Dental X-Rays Purpose, Procedure, and Risks

July 04, 2023 4 min read

Dental X-Rays Purpose, Procedure, and Risks

What are Dental X-rays?

Dental radiographs, also known as X-rays and show pictures of your teeth that dentists can use to monitor the health of your mouth. Low levels of radiation create an image of the patient's teeth and gums. X-rays enable dentists to determine problems or issues, such as tooth decay and much more. 

X-rays can also tell whether there is bone loss or benign or malignant tumors. Although it can depend on the health and age that the individual is in, X-rays are typically taken every year. However, children might require more frequent X-rays to keep track of their growing adult teeth.


What is the Purpose of Dental X-rays?

Dental X-rays are a standard procedure that’s usually performed for one of the following reasons:

  • To detect and assess dental decay that may be hidden between teeth.
  • To identify decay or other issues beneath existing dental fillings.
  • To assist in diagnosing dental problems such as infections, abscesses, and gum disease.
  • To evaluate the alignment and positioning of teeth and jaws.
  • To monitor the growth and development of adult teeth in children.


What are the different types of dental X-rays?

Do you know What types of X-rays are used in dentistry? There are various types of dental X-rays that dentists use to obtain detailed images of the teeth, jaw, and surrounding structures. 

These X-rays can be categorized into two main types:

  • Intraoral
  • Extraoral

Intraoral X-rays involve placing the film or sensor inside the patient's mouth. They provide detailed images of specific areas of the mouth, focusing on individual teeth or sections.

There are three common types of intraoral X-rays:

  1. Bitewing X-rays:These X-rays capture the upper and lower teeth in a specific region of the mouth. Bitewing X-rays are helpful in identifying tooth decay between the teeth and detecting changes below the gum line. However, they may not display the roots of the teeth.
  2. Periapical X-rays:This type of X-ray displays the entire tooth, from the crown to the root tip. It helps dentists detect tooth decay, gum disease, bone loss, and other abnormalities affecting the tooth and surrounding bone.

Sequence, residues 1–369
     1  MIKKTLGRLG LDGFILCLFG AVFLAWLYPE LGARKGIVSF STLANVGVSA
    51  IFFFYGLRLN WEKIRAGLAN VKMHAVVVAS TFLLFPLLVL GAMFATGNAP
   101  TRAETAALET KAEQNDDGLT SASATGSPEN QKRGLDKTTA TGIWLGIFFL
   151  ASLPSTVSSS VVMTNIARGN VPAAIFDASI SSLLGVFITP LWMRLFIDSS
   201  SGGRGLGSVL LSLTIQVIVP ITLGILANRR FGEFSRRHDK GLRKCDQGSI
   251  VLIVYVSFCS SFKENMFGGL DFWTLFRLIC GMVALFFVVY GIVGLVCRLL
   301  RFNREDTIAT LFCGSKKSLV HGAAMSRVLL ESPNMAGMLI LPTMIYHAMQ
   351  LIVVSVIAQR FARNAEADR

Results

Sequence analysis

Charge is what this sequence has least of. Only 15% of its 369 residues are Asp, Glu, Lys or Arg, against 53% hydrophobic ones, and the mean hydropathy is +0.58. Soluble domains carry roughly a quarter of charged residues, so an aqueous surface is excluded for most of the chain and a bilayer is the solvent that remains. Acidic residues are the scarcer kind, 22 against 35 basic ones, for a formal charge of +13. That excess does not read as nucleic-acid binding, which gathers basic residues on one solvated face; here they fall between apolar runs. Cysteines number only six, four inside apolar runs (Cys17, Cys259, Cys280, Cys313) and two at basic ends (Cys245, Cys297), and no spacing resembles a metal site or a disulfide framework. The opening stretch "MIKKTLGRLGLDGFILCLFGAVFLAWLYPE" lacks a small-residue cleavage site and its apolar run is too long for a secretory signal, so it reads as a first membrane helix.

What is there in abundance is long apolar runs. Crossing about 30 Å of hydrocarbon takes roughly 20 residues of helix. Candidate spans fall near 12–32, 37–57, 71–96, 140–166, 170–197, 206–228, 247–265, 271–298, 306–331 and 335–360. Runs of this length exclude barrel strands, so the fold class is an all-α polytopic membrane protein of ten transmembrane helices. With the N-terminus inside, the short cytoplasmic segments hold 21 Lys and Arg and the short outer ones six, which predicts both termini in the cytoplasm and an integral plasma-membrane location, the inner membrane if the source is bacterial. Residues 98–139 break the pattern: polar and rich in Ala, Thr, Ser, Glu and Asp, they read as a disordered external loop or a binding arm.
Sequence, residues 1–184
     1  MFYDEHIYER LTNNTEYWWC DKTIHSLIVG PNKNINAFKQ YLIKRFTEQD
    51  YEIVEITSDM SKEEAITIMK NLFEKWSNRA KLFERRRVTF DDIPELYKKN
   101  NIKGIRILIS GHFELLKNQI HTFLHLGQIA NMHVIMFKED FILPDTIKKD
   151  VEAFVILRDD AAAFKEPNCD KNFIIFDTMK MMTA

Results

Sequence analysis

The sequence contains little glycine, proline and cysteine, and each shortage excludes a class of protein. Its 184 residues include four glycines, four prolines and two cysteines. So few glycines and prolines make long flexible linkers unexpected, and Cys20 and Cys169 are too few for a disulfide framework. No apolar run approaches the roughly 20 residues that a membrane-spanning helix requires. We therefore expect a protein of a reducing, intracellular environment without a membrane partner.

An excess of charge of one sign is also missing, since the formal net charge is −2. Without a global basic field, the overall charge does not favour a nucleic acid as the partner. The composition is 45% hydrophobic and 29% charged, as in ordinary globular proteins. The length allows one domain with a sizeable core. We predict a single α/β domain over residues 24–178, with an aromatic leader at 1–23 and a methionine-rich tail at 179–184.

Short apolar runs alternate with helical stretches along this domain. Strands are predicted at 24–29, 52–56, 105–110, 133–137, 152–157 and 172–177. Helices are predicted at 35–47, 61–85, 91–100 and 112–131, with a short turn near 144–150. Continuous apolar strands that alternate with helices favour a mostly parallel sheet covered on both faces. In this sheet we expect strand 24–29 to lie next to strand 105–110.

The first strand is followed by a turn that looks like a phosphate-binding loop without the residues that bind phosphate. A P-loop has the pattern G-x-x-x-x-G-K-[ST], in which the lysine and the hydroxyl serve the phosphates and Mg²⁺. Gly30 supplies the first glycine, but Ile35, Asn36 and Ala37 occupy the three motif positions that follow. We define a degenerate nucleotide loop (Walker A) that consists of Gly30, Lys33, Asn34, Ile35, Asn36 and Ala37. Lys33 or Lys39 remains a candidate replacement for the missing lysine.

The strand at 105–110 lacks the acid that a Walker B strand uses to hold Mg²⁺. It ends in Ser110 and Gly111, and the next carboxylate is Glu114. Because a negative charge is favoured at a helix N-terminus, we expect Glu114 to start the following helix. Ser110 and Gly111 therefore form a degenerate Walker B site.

3. Occlusal X-rays:Occlusal X-rays reveal any issues in the floor or roof of the mouth. They are useful for diagnosing impacted or fractured teeth, evaluating the roots of front teeth, and identifying cysts, abscesses, or jaw fractures. Occlusal X-rays are commonly used in pediatric dentistry to assess developing teeth.

Extraoral X-rays, on the other hand, involve placing the film or sensor outside the patient's mouth. These X-rays provide an overview of the entire oral and facial structures.


Some common types of extra oral X-rays include:

Panoramic X-rays:Panoramic X-rays capture a wide view of the entire mouth, including the upper and lower teeth, jaw joints, nerves, sinuses, and supporting bone. Dentists use these X-rays to identify existing oral health issues and evaluate the overall condition of the mouth.

Cephalometric X-rays:Cephalometric X-rays capture the side view of the patient's head. They help dentists assess the position of the teeth in relation to the jaw. Orthodontists often utilize cephalometric X-rays to plan and monitor orthodontic treatments.

Cone beam CT scan:This advanced imaging technique uses computed tomography (CT) to generate 3D X-ray images of the teeth, jaws, joints, nerves, and sinuses. Cone beam CT scans are highly detailed and useful for detecting tumors and facial fractures and assessing the dimensions and position of the jawbone for dental implant placement.

Discover More:What Is Dentophobia Dental Anxiety


Process of Taking Dental X-Rays

Taking dental X-rays is a routine procedure performed by dentists to assess the health of your teeth and gums. Here is a brief overview of the process:

  • No special preparation is needed for dental X-rays.
  • Brush your teeth before the appointment for a clean and hygienic environment.
  • X-rays are usually taken before scaling and deep cleaning during routine teeth cleaning.
  • Sit comfortably in the dental chair and wear a lead vest covering your chest and lap.
  • The dental radiography machine will be positioned to capture images of your mouth.
  • Intra-oral or extra-oral images will be taken based on the dentist's requirements.
  • The dentist will examine the images for any abnormalities or dental problems.
  • Treatment options will be discussed if cavities or other issues are found.


What are the benefits and risks of dental radiography?

Benefit: Detects Small Damages - Dental radiography enables dentists to identify small amounts of decay in hard-to-see areas, preventing the problems from escalating.

Risk: Causes Tumors To Develop - Exposure to radiation in dental radiography can potentially damage cells and lead to tumor development.

Benefit: Finds Bone Infections - Dental radiography can be used to detect infections in the jaw bones.

Risk: Causes Pregnancy Problems - Dental X-rays carry a small risk to developing fetuses, which is why caution is exercised when performing them on pregnant women.



What can dental X-rays detect?

Dental X-rays can detect a range of dental conditions and issues, including tooth decay, gum disease, infections, bone loss, impacted teeth, and oral tumors.

Who can take dental X-rays?

Dental X-rays are typically taken by qualified dental professionals, such as dentists, dental hygienists, or dental radiographers.

Your Heading


Healthy Teeth E-book